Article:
The sun is so very low in the sky – this shot is taken from the back door at nearly noon on December 22nd (the day after the the winter solstice).
Most of the time, we have clouds this time of year (so dark and deep), but every now and then the sun breaks through and glares at us in a weak winter sort of way. We’ve had an unusual number of clear mornings on the weekends this year, and it occurred to me to finally notice how low the sun is even when it’s out. After taking that photo and thinking the sun actually looked less than a third high in the sky, then I had to search on the internet to find out the exact azimuth in December. The initial results were all trig (my nemesis, I still have a mental block on all of that jr. year of high school math), but then some kind soul broke down the solstices and equinoxes in the northern hemisphere as a very simple:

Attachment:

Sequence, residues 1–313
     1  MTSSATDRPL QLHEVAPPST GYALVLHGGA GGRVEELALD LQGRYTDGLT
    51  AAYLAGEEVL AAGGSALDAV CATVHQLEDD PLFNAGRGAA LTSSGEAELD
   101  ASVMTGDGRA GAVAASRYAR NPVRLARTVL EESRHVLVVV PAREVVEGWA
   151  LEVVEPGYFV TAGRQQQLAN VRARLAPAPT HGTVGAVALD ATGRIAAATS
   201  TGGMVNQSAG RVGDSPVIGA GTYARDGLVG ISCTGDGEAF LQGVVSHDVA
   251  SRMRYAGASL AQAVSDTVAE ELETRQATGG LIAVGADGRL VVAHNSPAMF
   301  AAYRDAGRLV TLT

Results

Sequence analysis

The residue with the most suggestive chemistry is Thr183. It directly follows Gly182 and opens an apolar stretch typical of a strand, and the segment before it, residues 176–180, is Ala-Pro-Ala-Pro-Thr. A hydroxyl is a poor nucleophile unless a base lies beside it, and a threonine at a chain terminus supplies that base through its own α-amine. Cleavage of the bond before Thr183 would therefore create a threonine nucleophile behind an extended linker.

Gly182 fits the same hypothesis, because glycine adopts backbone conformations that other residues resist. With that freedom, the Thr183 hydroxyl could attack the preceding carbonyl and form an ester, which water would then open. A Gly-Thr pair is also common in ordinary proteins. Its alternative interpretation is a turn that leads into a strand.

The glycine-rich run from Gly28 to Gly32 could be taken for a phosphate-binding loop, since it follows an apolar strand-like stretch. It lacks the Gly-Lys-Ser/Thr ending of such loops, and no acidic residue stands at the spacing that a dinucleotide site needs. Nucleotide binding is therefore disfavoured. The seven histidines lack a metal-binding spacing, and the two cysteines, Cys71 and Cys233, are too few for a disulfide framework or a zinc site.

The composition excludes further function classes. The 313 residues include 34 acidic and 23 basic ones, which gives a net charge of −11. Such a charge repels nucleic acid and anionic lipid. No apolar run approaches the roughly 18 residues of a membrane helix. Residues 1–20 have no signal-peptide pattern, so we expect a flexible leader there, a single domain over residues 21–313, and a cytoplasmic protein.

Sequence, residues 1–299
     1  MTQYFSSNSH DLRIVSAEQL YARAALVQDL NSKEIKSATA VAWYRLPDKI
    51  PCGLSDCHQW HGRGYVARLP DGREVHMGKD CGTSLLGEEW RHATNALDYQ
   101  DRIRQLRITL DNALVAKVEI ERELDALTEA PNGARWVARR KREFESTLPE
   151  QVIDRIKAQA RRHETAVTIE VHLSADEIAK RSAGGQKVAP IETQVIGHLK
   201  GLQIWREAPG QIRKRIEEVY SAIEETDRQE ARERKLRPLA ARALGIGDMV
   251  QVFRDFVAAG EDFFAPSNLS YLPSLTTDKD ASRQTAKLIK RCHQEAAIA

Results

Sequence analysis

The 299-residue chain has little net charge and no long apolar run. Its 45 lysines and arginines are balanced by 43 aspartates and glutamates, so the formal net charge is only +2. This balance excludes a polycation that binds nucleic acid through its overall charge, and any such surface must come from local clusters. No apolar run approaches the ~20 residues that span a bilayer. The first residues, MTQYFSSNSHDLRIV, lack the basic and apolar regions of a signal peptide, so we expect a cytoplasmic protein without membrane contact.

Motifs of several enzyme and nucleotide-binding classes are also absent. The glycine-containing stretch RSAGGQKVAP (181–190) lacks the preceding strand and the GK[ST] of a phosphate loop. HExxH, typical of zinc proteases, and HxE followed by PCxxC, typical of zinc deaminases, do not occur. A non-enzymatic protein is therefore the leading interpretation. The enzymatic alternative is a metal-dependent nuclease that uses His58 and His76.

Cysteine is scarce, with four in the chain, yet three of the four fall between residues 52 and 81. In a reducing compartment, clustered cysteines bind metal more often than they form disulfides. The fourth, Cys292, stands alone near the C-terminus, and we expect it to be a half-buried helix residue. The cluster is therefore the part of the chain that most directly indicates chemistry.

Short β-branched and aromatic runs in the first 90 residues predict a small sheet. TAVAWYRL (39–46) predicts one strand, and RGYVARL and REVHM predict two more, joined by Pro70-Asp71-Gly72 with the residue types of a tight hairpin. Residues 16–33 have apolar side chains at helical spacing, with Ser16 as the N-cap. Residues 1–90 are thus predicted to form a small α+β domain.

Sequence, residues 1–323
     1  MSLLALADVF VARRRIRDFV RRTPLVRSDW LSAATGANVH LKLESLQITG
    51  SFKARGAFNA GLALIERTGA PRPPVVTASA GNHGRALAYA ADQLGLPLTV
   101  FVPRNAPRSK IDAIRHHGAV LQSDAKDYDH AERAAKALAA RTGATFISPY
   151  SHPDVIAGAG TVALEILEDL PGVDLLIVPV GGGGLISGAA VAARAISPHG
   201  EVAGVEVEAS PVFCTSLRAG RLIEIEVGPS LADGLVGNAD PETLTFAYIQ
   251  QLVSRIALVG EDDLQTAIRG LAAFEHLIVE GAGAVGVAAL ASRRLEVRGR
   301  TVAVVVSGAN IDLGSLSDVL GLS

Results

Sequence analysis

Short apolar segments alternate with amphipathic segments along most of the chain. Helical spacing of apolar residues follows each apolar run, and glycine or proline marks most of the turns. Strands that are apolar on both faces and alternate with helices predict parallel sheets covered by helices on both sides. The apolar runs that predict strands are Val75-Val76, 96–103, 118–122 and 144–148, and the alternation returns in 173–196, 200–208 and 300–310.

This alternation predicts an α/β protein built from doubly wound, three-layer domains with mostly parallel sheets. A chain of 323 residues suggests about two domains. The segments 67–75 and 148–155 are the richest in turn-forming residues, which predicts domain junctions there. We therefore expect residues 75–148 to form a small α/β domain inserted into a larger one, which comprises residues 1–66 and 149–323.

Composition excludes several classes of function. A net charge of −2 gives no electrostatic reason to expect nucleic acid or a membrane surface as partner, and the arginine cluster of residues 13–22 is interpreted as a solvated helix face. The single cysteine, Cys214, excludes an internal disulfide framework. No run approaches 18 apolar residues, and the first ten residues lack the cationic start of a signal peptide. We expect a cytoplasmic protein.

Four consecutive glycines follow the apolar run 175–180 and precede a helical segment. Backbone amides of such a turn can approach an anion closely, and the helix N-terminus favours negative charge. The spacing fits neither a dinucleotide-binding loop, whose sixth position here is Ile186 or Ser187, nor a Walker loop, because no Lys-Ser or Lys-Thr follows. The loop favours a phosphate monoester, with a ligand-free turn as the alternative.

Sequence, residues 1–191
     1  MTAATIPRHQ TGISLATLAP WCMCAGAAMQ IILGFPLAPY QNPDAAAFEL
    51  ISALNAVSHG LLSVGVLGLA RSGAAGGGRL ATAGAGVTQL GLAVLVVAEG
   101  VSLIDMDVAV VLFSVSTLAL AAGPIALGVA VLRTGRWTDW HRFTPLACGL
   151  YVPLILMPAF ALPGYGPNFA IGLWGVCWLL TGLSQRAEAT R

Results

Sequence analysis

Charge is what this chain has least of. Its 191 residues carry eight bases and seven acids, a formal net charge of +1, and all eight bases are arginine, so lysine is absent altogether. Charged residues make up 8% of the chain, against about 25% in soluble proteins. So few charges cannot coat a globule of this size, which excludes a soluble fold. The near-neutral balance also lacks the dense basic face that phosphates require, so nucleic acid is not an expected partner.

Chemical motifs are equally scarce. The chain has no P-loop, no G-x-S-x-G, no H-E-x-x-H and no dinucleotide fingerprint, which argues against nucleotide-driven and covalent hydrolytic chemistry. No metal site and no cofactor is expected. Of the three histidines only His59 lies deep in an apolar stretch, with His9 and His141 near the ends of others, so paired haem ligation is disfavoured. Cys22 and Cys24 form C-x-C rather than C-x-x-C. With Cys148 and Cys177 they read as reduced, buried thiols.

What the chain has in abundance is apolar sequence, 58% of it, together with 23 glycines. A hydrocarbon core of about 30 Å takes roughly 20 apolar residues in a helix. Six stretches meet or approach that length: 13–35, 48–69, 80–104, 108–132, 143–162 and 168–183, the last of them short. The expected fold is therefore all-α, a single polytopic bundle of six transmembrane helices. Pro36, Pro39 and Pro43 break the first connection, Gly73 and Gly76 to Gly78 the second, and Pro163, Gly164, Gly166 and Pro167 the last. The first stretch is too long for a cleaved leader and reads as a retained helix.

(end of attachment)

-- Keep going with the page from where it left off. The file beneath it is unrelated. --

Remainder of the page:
Winter Solstice: 90 – (Latitude + 23.5)
Equinox: 90 – Latitude
Summer Solstice: 90 – (Latitude – 23.5)
Since Seattle’s at 47°37”, that puts the sun at 19° at the Winter Solstice, 66° at the Summer Solstice, and 42° at the equinoxes. Is that right?? If so, no wonder we’re such vitamin D-deficient, sun-deprived, pale creatures. It’s certainly not Arctic Circle levels of dark, but no wonder we start feeling a bit beleaguered by the lack of light at this time of year!